As Russell Wilson’s April 15 contract deadline closes in, several conflicting reports have surfaced over the past week in regard to negotiations between the Seahawks and their star quarterback.
Though Seattle has known about the deadline proposed by Wilson’s camp since January, Bob Condotta of the Seattle Times reported on April 7 that sources indicated “little progress” had been made between both sides.
Then on Saturday, a mere 48 hours away from the deadline, former Seahawks teammate Jake Heaps provided a more optimistic update via Twitter, indicating Wilson’s agent and general manager John Schneider had been meeting for several hours over the past few days trying to iron out a new contract.
Putting some icing on top of the speculation cake that wasn't necessarily asked for, Chiefs safety Tyrann Mathieu became the latest in a long line of rumor mongers to push the Wilson wants to play in New York narrative, following up former NFL coach Jack Del Rio's statement that he "wouldn't be surprised" to see the quarterback in a different jersey next year.
While these claims about Wilson wanting to depart Seattle seems absurd and unfounded, if he truly does want to play for another team, he’s going to have to play out a long, dramatic process to make it happen, as the Seahawks hold most of the leverage moving forward.
Sure, Seattle could pull off a stunner and become the first team to trade away a top-tier quarterback rather than pay him at market price. If another team presented multiple first round picks and more in return as compensation, maybe Schneider would roll the dice and see if he could build another title contender around a quarterback on a rookie deal.
But Schneider would be putting his job on the line with such a bold, if not reckless, decision to part ways with a proven top-five quarterback in his prime. He’s never been one to trade away stars to begin with. Why would he suddenly alter strategy and jettison Wilson?
If it worked out? Schneider would be seen as an innovator. If it blew up in his face? He’d be out of a job and might have a tough time landing another one even considering his strong resume. That’s far too big of a gamble to take.
Instead, Wilson’s way out of town would surely have to include playing the patented Kirk Cousins franchise tag game. Seattle would have the ability to use the exclusive tag at least once, if not more, keeping him in a Seahawks uniform for another two seasons minimum.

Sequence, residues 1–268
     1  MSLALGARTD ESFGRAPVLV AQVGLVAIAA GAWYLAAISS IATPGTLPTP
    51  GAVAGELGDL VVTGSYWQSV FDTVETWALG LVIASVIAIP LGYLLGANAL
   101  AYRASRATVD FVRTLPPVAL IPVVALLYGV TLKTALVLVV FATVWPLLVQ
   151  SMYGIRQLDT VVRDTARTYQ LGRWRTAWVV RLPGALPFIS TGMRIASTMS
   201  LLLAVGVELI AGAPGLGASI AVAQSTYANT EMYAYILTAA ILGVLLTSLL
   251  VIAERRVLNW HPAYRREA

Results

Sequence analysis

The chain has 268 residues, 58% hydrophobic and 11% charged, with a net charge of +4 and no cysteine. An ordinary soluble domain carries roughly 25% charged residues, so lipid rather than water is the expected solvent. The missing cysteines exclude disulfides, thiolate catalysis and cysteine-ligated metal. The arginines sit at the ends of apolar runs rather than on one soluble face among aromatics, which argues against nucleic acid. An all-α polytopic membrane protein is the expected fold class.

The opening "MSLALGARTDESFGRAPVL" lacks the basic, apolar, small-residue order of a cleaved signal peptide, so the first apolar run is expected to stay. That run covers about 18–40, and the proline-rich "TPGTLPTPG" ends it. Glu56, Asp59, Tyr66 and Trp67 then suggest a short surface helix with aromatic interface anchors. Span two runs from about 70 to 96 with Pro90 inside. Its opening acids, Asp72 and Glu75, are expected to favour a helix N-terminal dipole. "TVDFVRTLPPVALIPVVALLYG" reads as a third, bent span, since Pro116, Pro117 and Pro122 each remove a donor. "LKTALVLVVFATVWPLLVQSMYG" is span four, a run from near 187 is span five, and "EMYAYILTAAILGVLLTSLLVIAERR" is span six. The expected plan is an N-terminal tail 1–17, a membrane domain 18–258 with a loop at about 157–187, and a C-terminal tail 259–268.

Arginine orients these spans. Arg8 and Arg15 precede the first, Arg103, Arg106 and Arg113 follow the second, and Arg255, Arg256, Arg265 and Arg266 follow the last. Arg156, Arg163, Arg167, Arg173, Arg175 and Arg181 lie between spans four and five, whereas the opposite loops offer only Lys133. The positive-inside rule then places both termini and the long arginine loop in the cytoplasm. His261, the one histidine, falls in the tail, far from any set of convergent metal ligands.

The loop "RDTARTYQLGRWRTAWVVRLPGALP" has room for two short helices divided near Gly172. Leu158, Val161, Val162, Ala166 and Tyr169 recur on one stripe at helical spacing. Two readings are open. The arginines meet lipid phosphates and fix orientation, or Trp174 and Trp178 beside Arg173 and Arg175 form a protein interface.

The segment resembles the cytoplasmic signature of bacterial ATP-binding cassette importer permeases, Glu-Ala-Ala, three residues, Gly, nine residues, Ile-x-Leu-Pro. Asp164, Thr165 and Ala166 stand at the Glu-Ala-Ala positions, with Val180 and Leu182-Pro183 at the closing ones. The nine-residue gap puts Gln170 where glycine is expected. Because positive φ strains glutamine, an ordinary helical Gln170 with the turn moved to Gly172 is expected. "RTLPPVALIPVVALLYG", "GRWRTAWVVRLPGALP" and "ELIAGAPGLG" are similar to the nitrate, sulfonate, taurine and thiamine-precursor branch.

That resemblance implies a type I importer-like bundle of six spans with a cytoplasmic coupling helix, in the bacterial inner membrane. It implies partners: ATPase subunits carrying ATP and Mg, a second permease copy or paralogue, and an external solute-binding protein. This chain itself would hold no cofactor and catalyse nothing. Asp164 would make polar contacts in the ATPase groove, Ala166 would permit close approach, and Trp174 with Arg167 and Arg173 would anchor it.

Seattle would be risking losing Wilson in the long-run, as his price tag for a long-term extension would continue to climb and a franchise tag for a third straight season would exceed $50 million. But for the next two seasons, he’d be affordable in comparison to the market for elite quarterbacks, making it a no-brainer the organization would apply it if necessary.
Under this premise, by the time Wilson would eventually hit free agency with a chance to go to New York, he’d be 33 years old with 11 seasons under his belt. Though far from old in today’s NFL, that’s a much different situation for teams than it would be if he became available to acquire by trade now, and specifically looking at the Giants, they may very well have a new franchise quarterback by that point.
If that’s the path Wilson is willing to take to wind up where he wants to be, then there’s certainly a route to New York or another big market. Seattle’s hands would be tied after the second franchise tag, as there’s no way the organization could afford the exorbitant price of paying him on the tag a third time.
But ultimately, there shouldn’t be any panic for the Seahawks and their fan base about a long-term deal coming to fruition. Both sides want to get this done now, with the sticking point likely being guaranteed cash for Wilson's next deal. If it doesn’t happen by Monday’s deadline, the franchise tag will be there to ensure he's in uniform beyond 2019, creating ample time to continue negotiating.
And if Heaps report has teeth to it? There’s still a solid chance a lucrative extension can be struck before midnight, finally ending this speculative nightmare and keeping Wilson where he belongs in Seattle.